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Discussion : The Crowdfunding Continuum for Startups
Entrepreneurs in contemporary society are regularly using crowdfunding to fund their startup ideas. In a competitive startup environment, crowdfunding can be a great way to validate business ideas, find early adopters, and develop a community of online supporters. Although crowdfunding likely will not solely take a business from idea stage to an IPO, it can be a great tool to help fill funding gaps along the way.

Some recent examples of successful local entrepreneurial campaigns can be found on the local crowdfunding platform, FundRazr. FundRazr is the best crowdfunding company in Canada having raised over $50M from over 45K campaigns globally.

1.     Becoming Sophie
This short film, Becoming Sophie, was the vision of Ashley Alexander and her team. They sought funds through crowdfunding to be able to finance this project. The costs of producing such a film are quite high, especially considering the film is only 15 minutes long. With FundRazr they were able to raise over $13K and make their dream a reality. They also boosted the popularity of their campaign by adding rewards for contributions such as getting your name in the credits, an autographed poster, and movie coupons.

2.     JusTea
JusTea is a social enterprise with the goal of creating sustainable employment and fair wages for Kenyan tea farmers by purchasing directly from the farmers. These Vancouver based entrepreneurs used crowdfunding to raise $20K to build a processing kitchen so that farmers could process their own tea rather than only realizing 1% of the market value by selling it through traditional means. These entrepreneurs not only bring us amazing tea, but also empower Kenyan farmers with a direct route to the market, fair trade, and a sustainable business model.

3.    Aprons for Gloves

This organization focuses on using the sport of boxing to unite, mentor, and help at-risk women and youth in Vancouver. Aprons for Gloves hosts an annual FundRazr and allows different members of their community to raise their own money through their own campaigns. In total they have raised over $83K, and continue to spread the word and help teach discipline, respect, hard work, and self control. The organization has found that the program results in higher self-esteem, improved health, and camaraderie for participants.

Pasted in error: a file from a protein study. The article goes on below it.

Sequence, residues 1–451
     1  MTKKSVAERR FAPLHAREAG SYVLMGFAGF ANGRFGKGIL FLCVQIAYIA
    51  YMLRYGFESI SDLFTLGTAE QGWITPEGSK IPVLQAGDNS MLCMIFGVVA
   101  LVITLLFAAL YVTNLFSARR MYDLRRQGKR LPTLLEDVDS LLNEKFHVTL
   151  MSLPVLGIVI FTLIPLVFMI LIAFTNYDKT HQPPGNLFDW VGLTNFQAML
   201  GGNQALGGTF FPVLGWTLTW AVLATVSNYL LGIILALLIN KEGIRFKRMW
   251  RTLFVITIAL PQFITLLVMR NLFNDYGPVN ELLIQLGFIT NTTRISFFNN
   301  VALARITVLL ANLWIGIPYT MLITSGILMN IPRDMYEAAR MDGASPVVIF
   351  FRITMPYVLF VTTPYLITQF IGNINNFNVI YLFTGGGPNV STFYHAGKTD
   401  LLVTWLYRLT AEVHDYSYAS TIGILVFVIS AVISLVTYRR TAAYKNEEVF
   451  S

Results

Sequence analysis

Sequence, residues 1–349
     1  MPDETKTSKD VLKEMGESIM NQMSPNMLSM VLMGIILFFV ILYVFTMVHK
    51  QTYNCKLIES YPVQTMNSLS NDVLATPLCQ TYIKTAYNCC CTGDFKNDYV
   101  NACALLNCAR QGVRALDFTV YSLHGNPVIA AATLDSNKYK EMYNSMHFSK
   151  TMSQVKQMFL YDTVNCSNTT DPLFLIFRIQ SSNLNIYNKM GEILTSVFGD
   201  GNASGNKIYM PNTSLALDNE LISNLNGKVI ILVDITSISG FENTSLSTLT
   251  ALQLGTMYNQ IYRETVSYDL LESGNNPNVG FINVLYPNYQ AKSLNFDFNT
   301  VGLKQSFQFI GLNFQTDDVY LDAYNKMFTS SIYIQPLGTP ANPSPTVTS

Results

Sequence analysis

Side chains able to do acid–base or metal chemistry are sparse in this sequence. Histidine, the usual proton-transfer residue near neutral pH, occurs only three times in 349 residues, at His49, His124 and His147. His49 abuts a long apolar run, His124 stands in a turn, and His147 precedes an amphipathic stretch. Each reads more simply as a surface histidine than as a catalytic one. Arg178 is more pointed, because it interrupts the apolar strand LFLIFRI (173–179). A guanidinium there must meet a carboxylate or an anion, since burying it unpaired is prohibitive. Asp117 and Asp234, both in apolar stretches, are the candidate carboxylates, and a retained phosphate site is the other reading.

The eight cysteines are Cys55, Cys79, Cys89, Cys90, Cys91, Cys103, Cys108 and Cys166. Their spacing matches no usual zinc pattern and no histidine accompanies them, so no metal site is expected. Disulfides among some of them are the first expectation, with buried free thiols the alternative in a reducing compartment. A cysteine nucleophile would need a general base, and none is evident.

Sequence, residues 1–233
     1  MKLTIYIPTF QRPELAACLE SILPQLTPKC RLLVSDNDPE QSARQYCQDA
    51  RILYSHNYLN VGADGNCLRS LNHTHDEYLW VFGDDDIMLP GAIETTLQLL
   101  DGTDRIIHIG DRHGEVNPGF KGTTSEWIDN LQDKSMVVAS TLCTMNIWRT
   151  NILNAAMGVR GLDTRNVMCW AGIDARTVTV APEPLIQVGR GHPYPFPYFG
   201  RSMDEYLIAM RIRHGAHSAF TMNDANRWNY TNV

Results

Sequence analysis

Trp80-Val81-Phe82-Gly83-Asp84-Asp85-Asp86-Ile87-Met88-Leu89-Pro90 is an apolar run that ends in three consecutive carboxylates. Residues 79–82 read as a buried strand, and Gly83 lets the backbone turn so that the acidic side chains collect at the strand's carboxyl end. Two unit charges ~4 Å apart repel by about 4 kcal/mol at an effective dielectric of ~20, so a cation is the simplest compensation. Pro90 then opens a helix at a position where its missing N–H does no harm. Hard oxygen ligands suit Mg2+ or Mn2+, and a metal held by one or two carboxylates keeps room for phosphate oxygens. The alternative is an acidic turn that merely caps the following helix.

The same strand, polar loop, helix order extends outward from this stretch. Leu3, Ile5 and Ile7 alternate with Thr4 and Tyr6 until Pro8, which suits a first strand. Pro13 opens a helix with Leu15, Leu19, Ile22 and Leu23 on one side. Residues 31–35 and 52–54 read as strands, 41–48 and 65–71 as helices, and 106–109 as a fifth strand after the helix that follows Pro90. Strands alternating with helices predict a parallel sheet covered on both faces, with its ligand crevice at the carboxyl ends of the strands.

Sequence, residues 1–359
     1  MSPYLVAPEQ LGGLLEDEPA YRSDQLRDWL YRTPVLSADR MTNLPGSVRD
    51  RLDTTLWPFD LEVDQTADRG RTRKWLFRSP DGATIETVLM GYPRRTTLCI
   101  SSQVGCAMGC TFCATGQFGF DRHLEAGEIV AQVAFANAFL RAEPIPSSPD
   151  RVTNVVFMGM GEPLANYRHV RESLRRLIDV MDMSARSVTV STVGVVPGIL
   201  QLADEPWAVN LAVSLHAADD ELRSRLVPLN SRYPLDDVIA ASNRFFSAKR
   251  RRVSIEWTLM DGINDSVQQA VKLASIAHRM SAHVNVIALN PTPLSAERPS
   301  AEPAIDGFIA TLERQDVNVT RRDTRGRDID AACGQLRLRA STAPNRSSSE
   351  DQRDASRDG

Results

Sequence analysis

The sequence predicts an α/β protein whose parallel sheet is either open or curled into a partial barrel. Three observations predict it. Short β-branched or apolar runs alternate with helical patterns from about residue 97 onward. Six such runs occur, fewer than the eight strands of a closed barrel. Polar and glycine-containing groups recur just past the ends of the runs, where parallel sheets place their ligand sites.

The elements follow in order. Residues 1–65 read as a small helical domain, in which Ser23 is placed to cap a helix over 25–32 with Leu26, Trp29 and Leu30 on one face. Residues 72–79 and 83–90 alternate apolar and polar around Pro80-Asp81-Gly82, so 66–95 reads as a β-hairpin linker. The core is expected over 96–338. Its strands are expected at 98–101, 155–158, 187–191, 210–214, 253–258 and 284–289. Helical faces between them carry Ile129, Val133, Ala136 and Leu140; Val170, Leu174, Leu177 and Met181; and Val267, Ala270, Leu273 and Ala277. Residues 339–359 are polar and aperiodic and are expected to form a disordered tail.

The interesting thing about fundraising through crowdfunding is that it provides financing options for a wide variety of stages of business. When a founder has an idea, they need some funding to test whether or not the idea is viable and will satisfy needs of consumers. For this stage they can turn to crowdfunding for some seed money to get started, or for some this is a variation on the traditional ‘friends and family funding’ stage.

Secondary fundraising can start when there is actually a prototype or functioning product the business has created. Crowdfunding campaigns in this stage can act like pre-sale, giving actual product to those that financially contribute to the campaign at this stage. If there is a vision for a great product, consumers are often keen to participate and make the product a reality.
After a business is up and running, with established production and customers, generally financing becomes more substantial. Startups typically approach venture capital firms for sizeable investment that can help to scale their company. This is the new landscape where equity crowdfunding comes into the mix.

What is equity crowdfunding?

Instead of pitching to 50 different VC firms or investors searching for funding, equity crowdfunding campaigns allow startups to seek funding from the crowd in return for small fractions of equity in the company.

Because of the risk involved in investing in startups, there are many regulations surrounding how much money and what types of investors can invest. Currently, the regulations loosening the policies on which investors can participate are being reviewed by regulators and are expected to be approved in BC later this year, as well as many other provinces and US States.
The issue here is that there is a difference between accredited and non-accredited investors when it comes to securities regulations. An accredited investor has a combination of $1M in liquid assets, has net income before taxes above $200K for the past two years, or has net assets of at least $5M. Rules differ for non-accredited investors in order to protect them from making uninformed and unsophisticated investment decisions.

If the proposed rules get approved, British Columbia will allow startups to raise up to $150,000 in financing per offering, and would allow two offerings per year. Non-accredited investors however would be limited to investing a maximum of $1500 per offering and the total investment in equity crowdfunding would be capped at a certain level annually.

Currently the only functioning Canadian equity crowdfunding platform is, but many other platforms will certainly materialize once the rules are finalized. It will be very interesting to watch the equity crowdfunding landscape unfold, as we have already seen such exponential growth in crowdfunding with early stage startups. Stay tuned!


Tatyana Kapkanis a guest contributor and an Online Marketing Specialist for FundRazr, Canada’s largest crowdfunding platform designed for fundraising on social media. She is passionate about crowdfunding and coaching customers to help their campaigns succeed. You find her on LinkedIn and Google+.”

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